Zambia’s debt arising from Chinese loans in the year 2016 rose by 350 per cent from two loans contracted in 2015 to nine the year after, the Zambia Institute for Policy Analysis and Research (ZIPAR) has revealed.

And ZIPAR warned that government’s unrelenting borrowing spree is likely to lead the country to a higher risk of debt distress than what the IMF cautioned in August 2017, and again in February this year.

In its 2018 Working Paper No. 29, presented during an analysis of the 2018 first quarter national budget performance held at Intercontinental Hotel Lusaka, Thursday, ZIPAR disclosed that Zambia’s debt was repeatedly used to finance growing government consumption.

“One significant debt component, which is given surprisingly little direct attention, is Chinese debt. The economic downturn for 2015 and the spending pressure during 2016 appear to have been catalytic in encouraging the Zambian authorities to borrow heavily from easier-going, few questions-asked and more accessible non-traditional development partner funds, particularly from China. The number and monetary value of Chinese loans contracted by the government jumped markedly from 2015 to 2016: (i) whereas the total number of government contracted loans increased by 117 per cent from 12 loans in 2015 to 26 loans in 2016, Chinese loans rose by 350 per cent from two in 2015 to nine in 2016; (ii) as the value of new government loans rose by 39 per cent (from US $2.2 billion in 2015 to US $3.1 billion in 2016) in nominal terms, new loans from China increased by a staggering 259 per cent (from US $484 million in 2015 to US$1.6 billion in 2016); (iii) By end-2016, Chinese loans stood at 35 per cent of total contracted loans in that year compared to 17 per cent in 2015,” the ZIPAR Report revealed.

And the Report also showed that the unrelenting borrowing spree undertaken by the PF government was likely to lead Zambia to a higher risk of debt distress than what the IMF pointed to in August 2017 and in February this year.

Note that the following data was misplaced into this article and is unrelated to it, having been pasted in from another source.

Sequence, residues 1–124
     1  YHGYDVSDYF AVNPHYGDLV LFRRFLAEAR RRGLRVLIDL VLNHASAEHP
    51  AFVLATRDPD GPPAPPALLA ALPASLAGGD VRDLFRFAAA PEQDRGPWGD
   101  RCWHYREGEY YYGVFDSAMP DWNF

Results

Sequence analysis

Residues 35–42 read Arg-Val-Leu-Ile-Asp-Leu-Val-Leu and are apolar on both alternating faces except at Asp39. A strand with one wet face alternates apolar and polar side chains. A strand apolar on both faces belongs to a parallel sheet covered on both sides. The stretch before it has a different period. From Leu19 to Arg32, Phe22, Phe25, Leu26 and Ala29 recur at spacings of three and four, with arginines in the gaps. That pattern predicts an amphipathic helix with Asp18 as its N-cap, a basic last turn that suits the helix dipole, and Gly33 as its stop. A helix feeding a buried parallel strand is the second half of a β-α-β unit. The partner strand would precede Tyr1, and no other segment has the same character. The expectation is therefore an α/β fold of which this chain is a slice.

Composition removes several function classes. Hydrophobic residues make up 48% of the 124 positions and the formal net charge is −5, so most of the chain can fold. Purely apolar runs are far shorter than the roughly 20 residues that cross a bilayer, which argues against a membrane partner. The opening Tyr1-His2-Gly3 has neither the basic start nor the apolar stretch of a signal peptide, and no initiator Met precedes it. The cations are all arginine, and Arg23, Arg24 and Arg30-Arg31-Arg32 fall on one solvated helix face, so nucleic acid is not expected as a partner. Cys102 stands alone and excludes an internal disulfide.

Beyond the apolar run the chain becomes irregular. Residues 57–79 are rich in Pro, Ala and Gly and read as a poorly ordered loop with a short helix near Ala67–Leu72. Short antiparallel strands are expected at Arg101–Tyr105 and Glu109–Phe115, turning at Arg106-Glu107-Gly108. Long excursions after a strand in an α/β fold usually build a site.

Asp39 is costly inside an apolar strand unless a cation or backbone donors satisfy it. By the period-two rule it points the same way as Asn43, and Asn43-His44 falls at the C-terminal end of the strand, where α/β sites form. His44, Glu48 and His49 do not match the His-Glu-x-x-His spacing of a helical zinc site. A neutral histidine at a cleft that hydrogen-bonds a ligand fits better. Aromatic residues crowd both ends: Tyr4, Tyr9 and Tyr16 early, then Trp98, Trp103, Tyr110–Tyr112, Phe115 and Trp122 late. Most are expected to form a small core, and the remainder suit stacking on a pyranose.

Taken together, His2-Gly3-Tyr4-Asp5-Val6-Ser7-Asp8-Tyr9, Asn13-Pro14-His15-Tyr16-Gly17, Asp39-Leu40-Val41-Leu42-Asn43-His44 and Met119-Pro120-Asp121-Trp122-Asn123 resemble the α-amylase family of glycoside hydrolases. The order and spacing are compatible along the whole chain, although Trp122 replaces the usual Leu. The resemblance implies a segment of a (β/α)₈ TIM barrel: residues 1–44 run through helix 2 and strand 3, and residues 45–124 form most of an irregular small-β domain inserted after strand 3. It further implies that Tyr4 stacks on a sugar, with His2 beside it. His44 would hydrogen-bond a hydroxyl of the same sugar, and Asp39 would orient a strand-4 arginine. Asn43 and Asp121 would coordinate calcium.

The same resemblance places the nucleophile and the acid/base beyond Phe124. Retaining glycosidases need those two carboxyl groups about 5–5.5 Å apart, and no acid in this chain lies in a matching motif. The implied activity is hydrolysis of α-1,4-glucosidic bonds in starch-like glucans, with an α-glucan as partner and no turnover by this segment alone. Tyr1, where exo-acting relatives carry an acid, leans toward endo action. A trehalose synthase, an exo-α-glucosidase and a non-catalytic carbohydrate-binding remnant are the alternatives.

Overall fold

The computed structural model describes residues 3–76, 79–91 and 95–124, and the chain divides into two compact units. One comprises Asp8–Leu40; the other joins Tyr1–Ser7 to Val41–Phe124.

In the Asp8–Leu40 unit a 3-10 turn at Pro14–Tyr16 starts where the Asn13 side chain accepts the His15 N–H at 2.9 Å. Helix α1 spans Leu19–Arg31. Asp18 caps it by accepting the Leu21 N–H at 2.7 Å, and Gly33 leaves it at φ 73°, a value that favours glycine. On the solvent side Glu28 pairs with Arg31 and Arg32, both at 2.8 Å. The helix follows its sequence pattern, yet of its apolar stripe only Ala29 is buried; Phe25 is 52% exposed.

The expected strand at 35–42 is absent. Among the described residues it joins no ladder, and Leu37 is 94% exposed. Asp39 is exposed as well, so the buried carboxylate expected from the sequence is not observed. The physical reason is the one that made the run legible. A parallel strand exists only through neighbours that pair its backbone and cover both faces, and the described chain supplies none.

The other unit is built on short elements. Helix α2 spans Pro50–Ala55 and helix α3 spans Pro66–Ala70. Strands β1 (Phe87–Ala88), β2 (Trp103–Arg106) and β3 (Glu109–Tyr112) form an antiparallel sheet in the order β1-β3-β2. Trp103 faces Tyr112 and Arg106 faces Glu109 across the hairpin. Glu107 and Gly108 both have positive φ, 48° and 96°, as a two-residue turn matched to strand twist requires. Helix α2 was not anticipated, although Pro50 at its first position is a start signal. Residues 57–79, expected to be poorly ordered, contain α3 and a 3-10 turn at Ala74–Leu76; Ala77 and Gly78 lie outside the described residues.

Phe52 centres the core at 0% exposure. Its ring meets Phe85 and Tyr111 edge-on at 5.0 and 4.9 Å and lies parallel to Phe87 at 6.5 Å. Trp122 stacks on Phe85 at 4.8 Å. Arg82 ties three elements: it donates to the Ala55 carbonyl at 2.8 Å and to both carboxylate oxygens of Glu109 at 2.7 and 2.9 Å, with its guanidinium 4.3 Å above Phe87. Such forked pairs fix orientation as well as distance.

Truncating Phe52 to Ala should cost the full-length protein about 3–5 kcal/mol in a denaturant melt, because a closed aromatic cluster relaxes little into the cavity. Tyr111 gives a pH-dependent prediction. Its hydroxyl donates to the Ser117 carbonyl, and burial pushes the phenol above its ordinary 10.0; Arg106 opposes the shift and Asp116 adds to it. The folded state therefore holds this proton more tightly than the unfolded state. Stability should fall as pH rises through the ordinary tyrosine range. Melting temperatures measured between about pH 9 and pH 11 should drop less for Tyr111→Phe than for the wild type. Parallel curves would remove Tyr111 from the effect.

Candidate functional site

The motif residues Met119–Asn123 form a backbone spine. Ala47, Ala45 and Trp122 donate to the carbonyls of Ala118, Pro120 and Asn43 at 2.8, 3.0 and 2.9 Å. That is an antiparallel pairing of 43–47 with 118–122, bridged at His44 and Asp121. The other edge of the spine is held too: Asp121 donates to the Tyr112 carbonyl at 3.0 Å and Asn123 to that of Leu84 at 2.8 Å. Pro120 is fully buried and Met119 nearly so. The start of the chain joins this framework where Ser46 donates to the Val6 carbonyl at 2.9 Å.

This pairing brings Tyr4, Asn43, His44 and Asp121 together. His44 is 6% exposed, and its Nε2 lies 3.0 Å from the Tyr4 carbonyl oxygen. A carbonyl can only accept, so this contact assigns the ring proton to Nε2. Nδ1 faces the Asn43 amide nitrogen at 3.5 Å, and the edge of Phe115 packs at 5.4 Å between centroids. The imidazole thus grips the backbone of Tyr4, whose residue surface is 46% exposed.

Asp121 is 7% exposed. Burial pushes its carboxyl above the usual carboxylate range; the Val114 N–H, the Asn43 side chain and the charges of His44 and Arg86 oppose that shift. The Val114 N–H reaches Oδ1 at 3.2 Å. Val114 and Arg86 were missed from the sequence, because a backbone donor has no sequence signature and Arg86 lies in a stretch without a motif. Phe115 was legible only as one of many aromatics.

“One key aspect of Zambia’s growing public debt has to do with how proceeds are used. Debt is not per se a bad thing; countries borrow to support strategic investments and drive growth. However, notable concerns have arisen that Zambia is not focusing its debt finances strategically; the debt is repeatedly used to finance recurrent expenditure or so-called government consumption. This non-productive spending is exacerbating Zambia’s debt problem and links to issues revealed in section 4.2. Unchecked by the IMF supported economic programme, for instance, the unrelenting borrowing spree is likely to lead Zambia to even higher risks of debt distress than what the IMF pointed to in August 2017 and again in February 2018,” ZIPAR warned.

And ZIPAR, the renowned policy think-tank, noted that Zambia’s Chinese debt could be higher than what the records officially showed.

“Overall, China’s debt stock stood at over US $1.6 billion in 2016, having grown by 12 per cent in nominal terms from the 2015 amount. The Chinese debt was nearly a quarter (23 per cent) of Zambia’s total external debt stock in 2016. Some observers argue that the true size of China’s debt to Zambia is not known and might be higher and growing more rapidly than the records officially show,” the report stated.

Meanwhile, ZIPAR stated that the US $1.2 billion Lusaka-Ndola dual carriageway project was commissioned without a project appraisal, a situation which implied that its economic costs and returns were not well established prior.

“While Cabinet’s decisions showed some level of political will to foster spending restraint, a few outstanding concerns regarding the prudency of fiscal management remained. An example is the commissioning of the Lusaka-Ndola Dual Carriageway project late in 2017, which was expected to ultimately cost US$1.2 billion, or US$3.75 million per km for the 320 km stretch between the two cities. By any global standard or benchmark, this road project was considerably overpriced. Moreover, the project was commissioned minus a project appraisal, implying that its economic costs and returns were not well-established a prior. The marked unresolved issues on such an expenditure-heavy project potentially weakened the credibility and believability of the government’s claim that it had renewed its commitments to fiscal restraint considering the rather lacklustre attention to the project,” it stated.